Today’s leg in Route to O-Season 20202 is another leg from a small, Norwegian race with top runners on the starting line: The mini KVM Long organized in the Oslo-area. Thanks a lot to Arild Andersen for the tip.
The leg is as usually first provided without routes – you may take a look at it and think about how you would attack this leg (if the image is too small, you may click on it to get it larger). Course setters were Thor Mella and Vigdis Hobøl.
You find other maps from the area in omaps.worldofo.com here. See also latest additions in 3DRerun from this area in order to learn more about this terrain type.
Next you can draw your own route using the ‘Webroute’ below. Think through how you would attack this leg, and draw the route you would have made. Some comments about why you would choose a certain route are always nice for the other readers.
Then you can take a look at how the runners have solved this leg below. Andersen comments that both Olav Lundanes and Anders Nordberg choose to run around on the road to the left – especially Lundanes likes to run straight when it is feasible. And the analysis does indeed indicate that around to the left is the fastest route – more runners should definitely have chosen that option based on the information available.
Andersen also notes that the women had the same leg, with some of the women being close to the men (see all runners who had this leg further down).
See below for a density map of some of the ones who have drawn their routes so far (available during the day when some readers have drawn their route).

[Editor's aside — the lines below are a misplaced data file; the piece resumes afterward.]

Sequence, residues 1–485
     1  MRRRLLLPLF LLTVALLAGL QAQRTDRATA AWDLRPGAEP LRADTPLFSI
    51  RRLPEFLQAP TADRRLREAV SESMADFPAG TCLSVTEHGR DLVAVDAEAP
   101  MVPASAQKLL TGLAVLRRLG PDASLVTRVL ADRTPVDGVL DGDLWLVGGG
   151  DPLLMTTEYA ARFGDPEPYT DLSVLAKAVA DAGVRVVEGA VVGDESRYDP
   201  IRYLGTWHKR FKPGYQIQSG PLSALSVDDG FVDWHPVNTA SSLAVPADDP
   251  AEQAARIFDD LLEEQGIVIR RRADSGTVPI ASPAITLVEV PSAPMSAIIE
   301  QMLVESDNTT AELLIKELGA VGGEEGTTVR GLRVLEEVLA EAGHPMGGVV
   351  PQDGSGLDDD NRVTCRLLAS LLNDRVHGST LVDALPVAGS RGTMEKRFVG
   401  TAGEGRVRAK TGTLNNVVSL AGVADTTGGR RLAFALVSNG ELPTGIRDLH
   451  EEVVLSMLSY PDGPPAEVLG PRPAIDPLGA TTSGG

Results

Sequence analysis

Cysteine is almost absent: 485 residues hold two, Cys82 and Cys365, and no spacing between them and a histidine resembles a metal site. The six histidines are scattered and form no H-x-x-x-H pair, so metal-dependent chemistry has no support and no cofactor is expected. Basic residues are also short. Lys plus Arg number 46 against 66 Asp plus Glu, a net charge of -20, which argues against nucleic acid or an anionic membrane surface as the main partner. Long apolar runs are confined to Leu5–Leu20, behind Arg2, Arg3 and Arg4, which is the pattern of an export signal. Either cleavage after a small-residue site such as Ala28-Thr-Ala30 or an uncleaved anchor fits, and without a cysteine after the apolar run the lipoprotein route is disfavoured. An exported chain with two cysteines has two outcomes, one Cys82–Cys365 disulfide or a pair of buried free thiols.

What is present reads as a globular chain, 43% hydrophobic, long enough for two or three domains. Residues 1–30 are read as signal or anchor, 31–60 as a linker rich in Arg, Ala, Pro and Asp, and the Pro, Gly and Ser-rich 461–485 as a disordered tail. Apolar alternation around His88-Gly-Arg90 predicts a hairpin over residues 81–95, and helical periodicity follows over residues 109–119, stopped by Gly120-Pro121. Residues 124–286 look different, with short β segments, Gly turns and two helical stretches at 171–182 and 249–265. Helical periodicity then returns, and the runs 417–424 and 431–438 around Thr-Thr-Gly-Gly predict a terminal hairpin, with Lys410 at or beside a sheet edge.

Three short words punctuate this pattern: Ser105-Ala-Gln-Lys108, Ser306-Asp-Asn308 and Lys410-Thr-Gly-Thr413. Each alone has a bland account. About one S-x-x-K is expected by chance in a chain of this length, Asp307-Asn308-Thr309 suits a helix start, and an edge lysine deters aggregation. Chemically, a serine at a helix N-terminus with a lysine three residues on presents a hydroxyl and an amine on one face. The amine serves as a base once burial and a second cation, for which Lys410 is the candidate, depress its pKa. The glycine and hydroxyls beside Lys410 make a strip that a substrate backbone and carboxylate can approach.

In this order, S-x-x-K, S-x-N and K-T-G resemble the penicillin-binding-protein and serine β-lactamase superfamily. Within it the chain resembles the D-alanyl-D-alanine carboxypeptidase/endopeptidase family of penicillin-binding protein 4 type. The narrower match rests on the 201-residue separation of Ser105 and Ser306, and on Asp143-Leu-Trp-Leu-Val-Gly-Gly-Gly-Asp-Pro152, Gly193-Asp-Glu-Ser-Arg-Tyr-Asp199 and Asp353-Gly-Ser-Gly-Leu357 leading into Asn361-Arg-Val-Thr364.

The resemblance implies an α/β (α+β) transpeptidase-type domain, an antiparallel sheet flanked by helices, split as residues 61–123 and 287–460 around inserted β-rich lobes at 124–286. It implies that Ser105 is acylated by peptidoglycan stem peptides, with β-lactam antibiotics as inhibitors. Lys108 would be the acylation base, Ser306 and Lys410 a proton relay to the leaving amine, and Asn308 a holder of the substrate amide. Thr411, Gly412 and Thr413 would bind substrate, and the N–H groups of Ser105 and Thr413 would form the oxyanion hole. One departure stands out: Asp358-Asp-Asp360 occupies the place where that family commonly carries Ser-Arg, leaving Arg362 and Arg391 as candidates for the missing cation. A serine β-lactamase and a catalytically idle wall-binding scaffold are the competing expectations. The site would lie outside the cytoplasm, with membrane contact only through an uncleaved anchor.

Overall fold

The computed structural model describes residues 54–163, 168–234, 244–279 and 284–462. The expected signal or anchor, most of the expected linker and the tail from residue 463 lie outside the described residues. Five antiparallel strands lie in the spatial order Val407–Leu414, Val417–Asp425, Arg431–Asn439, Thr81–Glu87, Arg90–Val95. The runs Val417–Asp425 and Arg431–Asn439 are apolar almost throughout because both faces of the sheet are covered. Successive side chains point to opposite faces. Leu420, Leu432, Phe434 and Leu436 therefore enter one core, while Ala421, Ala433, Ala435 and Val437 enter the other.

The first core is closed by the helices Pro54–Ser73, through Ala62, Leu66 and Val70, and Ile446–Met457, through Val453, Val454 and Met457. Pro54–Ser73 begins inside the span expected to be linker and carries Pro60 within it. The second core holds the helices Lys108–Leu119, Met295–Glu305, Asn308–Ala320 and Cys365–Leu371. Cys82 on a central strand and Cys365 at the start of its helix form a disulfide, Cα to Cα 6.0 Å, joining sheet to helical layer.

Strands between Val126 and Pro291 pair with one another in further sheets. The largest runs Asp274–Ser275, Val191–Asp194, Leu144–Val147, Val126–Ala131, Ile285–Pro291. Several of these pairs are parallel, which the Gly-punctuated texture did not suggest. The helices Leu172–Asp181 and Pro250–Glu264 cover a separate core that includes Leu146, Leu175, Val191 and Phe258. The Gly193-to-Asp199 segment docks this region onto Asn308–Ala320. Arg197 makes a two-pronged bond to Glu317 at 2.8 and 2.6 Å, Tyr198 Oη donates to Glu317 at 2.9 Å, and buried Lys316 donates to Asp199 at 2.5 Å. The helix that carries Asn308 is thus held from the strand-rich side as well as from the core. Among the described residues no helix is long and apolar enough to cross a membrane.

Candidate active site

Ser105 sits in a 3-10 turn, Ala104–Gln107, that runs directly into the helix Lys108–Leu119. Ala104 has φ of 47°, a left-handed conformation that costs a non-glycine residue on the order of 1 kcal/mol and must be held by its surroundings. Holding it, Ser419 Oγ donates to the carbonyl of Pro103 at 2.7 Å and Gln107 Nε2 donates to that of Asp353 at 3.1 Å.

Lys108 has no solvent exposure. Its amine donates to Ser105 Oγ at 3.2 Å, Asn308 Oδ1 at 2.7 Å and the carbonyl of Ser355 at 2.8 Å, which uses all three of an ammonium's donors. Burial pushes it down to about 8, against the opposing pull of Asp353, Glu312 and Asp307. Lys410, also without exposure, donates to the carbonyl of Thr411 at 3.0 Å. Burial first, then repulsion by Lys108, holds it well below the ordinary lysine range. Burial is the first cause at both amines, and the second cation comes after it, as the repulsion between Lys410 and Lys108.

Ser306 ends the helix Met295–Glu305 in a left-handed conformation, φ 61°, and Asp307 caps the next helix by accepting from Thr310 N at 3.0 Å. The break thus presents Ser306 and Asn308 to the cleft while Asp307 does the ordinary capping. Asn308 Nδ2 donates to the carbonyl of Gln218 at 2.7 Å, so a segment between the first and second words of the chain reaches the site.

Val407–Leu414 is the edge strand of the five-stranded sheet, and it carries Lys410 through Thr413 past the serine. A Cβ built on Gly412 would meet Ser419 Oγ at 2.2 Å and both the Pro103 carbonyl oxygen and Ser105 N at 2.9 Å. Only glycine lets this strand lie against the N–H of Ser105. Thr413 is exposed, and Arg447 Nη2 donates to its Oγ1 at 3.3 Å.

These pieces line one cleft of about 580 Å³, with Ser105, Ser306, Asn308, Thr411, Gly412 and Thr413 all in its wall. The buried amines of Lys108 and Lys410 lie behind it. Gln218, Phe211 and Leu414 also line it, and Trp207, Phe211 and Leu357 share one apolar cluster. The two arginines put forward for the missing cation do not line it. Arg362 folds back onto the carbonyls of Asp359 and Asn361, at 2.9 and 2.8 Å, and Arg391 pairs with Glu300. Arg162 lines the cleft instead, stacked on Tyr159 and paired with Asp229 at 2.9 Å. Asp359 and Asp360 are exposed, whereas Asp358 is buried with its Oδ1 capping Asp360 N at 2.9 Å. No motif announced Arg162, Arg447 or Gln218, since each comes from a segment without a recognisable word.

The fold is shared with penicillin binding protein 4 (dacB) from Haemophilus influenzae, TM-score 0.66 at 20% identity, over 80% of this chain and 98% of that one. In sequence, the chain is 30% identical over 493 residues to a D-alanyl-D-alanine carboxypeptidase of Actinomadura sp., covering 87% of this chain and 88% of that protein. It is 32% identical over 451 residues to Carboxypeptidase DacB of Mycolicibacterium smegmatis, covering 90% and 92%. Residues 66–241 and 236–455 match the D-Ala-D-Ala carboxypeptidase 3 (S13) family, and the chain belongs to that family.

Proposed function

You find the complete map in omaps.worldofo.com at this location.
Route to O-Season 2020 series
Route Choice Challenges while waiting for the real action: With the upcoming orienteering season indefinitely on hold in large parts of the the world due to COVID-19, regular orienteering route choice challenges may be one way to make sure those orienteering skills don’t get completely rusty. I’ll try to keep these coming daily, but need help from all of you out there to keep them coming and to keep up a certain quality.
Tips on good route choice challenges – either from races/trainings (even cancelled ones) or theoretical ones with accompanying analysis – are very welcome (please e-mail to firstname.lastname@example.org).
Not all legs are taken for the interesting routechoice alternatives – some are also taken because the map is interesting – or because it is not straightforward to see what to do on a certain leg. Any comments are welcome – especially if you ran the event chosen for todays leg!